- 1960: Margaret George Shello is commonly believed to have been the first female Peshmerga; she joined the Peshmerga in 1960.
- 1961: Josephine Okwuekeleke Tolefe was the first female Commissioned Officer in the Nigerian Army; she was granted Short Service Commission on 7 February 1961 in the rank of Second Lieutenant with seniority in the rank with effect from same date.
- 1961–1964: Phung Le Ly fights for the Viet Cong during the Vietnam War, an experience she chronicles in her memoir When Heaven and Earth Changed Places.
- 1963: Josephine Okwuekeleke Tolefe became the first woman to attain the rank of an Army Captain in Nigeria, which she attained on 1 June 1963.
- 1965: The government decided to let women be employed in the Canadian military with a fixed ceiling of 1,500 (which was 1.5% of the military at that time.)
- 1967: Dilma Rousseff fights as a guerrilla in Brazil. She later became Brazil's first female president.
- August 31, 1967: Haydée Tamara Bunke Bider, alias Tania the Guerrilla, communist revolutionary, is killed battling Bolivian soldiers.
- 1969: Annapurna Kunwar became the first female officer in the Nepali Army to para jump.
- 1970s: Aminta Granera abandons her training as a nun in order to join the Sandinistas and fight against Nicaraguan dictator Anastasio Somoza Debayle.
- 1970s: Fay Chung joins ZANU.
- June 22, 1970: Dang Thuy Tram, a Vietnamese military doctor, is killed by United States forces while defending a hospital. Her wartime diaries are published in 2005.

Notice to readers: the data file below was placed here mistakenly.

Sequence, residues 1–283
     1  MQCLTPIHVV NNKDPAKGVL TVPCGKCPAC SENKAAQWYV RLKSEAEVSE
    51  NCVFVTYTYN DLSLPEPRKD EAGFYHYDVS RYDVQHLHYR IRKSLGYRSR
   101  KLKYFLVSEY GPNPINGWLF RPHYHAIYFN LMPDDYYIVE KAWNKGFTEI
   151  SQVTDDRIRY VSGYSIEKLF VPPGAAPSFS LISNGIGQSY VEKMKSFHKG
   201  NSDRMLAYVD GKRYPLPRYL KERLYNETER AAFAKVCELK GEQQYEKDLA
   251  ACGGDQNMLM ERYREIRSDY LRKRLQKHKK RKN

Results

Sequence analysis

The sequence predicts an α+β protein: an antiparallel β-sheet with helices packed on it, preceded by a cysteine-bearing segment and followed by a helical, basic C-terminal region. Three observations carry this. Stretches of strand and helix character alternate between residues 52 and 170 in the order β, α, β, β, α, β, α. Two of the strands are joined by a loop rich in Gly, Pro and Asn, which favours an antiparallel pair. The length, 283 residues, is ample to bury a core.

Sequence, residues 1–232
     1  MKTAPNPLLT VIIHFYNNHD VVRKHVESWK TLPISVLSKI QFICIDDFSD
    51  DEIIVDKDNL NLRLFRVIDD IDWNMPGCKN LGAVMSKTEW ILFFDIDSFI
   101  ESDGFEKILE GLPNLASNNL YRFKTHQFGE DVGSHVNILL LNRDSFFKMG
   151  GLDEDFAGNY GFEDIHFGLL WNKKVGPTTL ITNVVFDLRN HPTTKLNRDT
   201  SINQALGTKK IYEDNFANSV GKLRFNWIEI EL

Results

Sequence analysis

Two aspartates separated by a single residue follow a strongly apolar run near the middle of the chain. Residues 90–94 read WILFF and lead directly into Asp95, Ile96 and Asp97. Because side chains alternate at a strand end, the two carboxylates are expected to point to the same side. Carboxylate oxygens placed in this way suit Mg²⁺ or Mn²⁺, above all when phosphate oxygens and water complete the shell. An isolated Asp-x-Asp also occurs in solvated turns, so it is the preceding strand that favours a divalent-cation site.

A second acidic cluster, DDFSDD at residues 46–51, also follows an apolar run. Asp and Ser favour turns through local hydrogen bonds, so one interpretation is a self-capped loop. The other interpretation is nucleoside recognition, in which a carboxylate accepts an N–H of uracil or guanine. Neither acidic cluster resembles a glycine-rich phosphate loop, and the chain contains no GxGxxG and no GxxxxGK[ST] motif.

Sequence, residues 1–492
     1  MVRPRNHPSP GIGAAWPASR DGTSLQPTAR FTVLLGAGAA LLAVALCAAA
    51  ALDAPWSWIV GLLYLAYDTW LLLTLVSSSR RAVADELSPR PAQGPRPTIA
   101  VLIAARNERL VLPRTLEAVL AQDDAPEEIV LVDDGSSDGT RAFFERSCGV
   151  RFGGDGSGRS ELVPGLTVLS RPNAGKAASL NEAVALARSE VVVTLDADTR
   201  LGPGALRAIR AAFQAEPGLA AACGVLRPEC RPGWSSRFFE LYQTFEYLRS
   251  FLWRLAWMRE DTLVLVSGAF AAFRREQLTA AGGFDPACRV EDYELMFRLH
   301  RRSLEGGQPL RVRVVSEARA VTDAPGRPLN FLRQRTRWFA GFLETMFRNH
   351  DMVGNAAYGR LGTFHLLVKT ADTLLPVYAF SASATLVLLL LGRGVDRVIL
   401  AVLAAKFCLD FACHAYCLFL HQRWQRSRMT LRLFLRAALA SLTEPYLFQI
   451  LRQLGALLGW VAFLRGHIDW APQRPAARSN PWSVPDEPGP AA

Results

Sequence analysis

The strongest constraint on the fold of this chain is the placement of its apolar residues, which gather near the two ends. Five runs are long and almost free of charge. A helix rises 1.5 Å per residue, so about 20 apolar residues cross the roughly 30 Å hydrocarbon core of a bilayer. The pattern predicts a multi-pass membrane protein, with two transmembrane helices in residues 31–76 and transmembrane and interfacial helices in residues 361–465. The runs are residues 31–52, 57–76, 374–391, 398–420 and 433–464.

- 1971: Taramon Bibi fights Pakistan during the Bangladesh Liberation War.
- 1973: Roza Papo, Yugoslav military physician, becomes the first female general on the Balkan Peninsula.
- 1973: Colonel Joan Fitzgerald became the first Canadian military woman to graduate from the National Defence College.
- February 17, 1974: Zimbabwean politician Joyce Mujuru shoots down a helicopter with a machine gun during the Rhodesian Bush War. She eventually takes the nom-du-guerre Teurai Ropa ("Spill Blood"), and then rose to become one of the first women commanders in Mugabe's ZANLA forces.
- 1974: Maj. Wendy Clay, a doctor, qualifies for her pilot's wings in the Canadian military six years before the pilot classification is opened to all women.
- 1975: Nicaraguan Gioconda Belli is forced into exile for her activities as a Sandinista.
- 1977: The navy of Japan accepted its first female recruits.
- 1977: The Women's Royal Australian Air Force was absorbed into the mainstream RAAF.
- 1978: Cpl. Gail Toupin becomes the first female member of the SkyHawks, the Canadian Army's skydiving demonstration team.
- 1979: Nora Astorga acts as a guerrilla fighter in the Nicaraguan Revolution.
- 1979: Canadian military colleges opened to women.
- 1979: 81 of 127 Canadian military trades opened to women.